Headhunters with Herbie Hancock | Critic's Choice | Chicago Reader

Headhunters with Herbie Hancock 

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Of all the musicians who escaped Miles Davis's orbit to colonize their own planets in the 70s, pianist Herbie Hancock stayed closest to the master's fusion funk. By emphasizing the oozing rhythms and thick, sweet colors of the black pop music of the day, Hancock turned jazz-rock fusion into jazz-soul fusion. So when the musicians he'd first assembled for 1974's Head Hunters put out two more albums under that name after Hancock moved on, it shocked no one that the records dripped with wah-wah-washed, backbeat-heavy funk. But who expected that two decades later the band would manage to pick up where it left off? On this year's delightful Return of the Headhunters (Verve), Hancock's long-ago sidemen--reedist Bennie Maupin (who played bass clarinet on Miles's 1969 fusion breakthrough Bitches Brew), electric bassist Paul Jackson, percussionist Bill Summers, and drummer Mike Clark (who joined Hancock's crew after Head Hunters)--sound as tight as ever. The rhythms find pockets just as deep and a little bit wider: the band can integrate the occasional rap or dance beat without raising an eyebrow. And the combined experience of the players results in some pure jazz jams that practically rock the stage, spearheaded by the multidimensional Maupin. When I heard the band this summer, they teased the music's rhythmic confines with their improvisations, but kept things unpretentious, as any reunion band ought to. Jackson and Clark play with an unusual lyricism, soaring above the grim mass of electric-funk rhythm machines out there. Most intriguingly, although Hancock's the admitted star, he neither leads nor even dominates the band; he wears his sideman status well, hanging back in the mix and playing understated solos. Sunday, 9 PM, House of Blues, 329 N. Dearborn; 312-527-2583 or 312-923-2000. NEIL TESSER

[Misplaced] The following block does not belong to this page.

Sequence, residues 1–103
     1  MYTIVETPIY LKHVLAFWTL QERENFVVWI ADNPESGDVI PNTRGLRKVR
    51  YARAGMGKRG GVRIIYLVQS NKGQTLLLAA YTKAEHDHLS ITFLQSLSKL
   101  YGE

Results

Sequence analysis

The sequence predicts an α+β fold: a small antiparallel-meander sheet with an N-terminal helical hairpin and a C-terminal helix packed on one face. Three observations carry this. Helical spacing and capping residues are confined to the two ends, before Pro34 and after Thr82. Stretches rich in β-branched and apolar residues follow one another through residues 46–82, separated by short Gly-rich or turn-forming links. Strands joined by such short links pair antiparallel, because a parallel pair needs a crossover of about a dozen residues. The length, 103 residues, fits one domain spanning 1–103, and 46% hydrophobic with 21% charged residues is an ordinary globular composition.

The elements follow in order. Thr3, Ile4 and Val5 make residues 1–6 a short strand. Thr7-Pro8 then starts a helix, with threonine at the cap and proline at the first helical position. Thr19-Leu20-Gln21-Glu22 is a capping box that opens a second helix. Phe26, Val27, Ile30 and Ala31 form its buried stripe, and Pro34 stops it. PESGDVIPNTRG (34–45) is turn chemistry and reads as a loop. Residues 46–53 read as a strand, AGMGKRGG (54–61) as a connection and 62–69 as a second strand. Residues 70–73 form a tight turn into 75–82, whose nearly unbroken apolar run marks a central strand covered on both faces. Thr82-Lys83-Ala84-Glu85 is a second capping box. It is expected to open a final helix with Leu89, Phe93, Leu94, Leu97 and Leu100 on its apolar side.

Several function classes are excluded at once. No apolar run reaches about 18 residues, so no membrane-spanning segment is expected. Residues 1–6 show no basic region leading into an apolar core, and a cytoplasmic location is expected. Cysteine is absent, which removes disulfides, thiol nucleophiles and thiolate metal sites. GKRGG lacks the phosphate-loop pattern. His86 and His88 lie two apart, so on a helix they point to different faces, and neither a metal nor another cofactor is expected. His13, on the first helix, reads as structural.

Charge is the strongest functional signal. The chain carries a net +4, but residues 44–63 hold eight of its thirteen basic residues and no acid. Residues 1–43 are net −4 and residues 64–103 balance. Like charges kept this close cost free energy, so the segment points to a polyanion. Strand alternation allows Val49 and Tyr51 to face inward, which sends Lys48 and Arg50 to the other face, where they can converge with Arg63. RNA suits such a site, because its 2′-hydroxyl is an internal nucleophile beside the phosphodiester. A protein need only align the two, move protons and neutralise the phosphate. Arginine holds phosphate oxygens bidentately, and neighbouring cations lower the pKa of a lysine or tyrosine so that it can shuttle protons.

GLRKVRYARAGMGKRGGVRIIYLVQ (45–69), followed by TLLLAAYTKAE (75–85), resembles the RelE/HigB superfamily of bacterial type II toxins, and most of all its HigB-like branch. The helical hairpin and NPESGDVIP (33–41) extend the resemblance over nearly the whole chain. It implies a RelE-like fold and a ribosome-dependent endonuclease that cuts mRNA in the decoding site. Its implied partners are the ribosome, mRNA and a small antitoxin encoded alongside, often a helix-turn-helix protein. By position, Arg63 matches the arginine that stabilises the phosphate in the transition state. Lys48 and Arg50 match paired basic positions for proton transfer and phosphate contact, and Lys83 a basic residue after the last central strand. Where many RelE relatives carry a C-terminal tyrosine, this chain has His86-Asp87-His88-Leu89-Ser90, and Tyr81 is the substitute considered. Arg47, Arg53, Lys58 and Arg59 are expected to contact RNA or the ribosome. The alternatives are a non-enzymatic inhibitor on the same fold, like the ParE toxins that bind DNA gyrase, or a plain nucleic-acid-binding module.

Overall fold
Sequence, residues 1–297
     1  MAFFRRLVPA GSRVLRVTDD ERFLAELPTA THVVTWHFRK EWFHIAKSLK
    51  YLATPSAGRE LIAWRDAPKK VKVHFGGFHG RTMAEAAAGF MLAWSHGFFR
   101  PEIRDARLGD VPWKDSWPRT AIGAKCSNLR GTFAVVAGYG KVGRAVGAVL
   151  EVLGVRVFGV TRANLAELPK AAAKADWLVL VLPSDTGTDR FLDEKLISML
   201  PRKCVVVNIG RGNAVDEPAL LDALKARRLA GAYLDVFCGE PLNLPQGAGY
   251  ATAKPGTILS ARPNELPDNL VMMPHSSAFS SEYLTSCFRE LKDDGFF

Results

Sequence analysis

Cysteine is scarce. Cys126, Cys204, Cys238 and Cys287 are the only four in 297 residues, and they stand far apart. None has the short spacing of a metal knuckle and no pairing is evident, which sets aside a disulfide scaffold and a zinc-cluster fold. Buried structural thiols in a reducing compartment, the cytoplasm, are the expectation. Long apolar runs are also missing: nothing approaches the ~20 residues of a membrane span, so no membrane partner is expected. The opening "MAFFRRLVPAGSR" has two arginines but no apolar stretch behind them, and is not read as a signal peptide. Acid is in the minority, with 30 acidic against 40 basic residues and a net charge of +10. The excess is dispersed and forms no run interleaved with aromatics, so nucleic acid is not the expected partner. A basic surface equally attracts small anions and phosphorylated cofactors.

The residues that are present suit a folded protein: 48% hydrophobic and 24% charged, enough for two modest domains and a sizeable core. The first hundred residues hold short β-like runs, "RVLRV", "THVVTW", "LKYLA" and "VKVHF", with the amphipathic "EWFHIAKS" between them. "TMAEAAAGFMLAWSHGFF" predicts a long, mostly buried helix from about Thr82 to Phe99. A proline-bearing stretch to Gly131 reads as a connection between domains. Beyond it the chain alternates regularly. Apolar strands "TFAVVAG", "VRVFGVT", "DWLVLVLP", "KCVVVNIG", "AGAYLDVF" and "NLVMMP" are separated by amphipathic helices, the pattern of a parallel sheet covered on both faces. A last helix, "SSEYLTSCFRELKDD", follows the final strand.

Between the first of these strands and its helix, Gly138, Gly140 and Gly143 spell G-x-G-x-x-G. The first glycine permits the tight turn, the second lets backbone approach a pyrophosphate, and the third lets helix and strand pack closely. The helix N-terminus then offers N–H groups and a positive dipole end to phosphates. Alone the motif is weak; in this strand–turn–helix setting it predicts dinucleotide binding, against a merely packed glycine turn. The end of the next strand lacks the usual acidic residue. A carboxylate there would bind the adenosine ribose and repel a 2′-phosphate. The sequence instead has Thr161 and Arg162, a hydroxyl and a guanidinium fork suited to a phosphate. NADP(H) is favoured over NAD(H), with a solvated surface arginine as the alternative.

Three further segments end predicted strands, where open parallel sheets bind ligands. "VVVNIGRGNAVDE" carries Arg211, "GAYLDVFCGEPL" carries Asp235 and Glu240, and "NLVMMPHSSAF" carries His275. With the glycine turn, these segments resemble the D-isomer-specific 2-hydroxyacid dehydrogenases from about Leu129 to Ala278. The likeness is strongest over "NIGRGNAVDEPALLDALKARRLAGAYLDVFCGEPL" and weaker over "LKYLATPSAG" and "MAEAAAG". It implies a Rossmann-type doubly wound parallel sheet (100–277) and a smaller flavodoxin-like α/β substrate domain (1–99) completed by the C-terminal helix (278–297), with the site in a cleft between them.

Art accompanying story in printed newspaper (not available in this archive): Beth Herzhaft.

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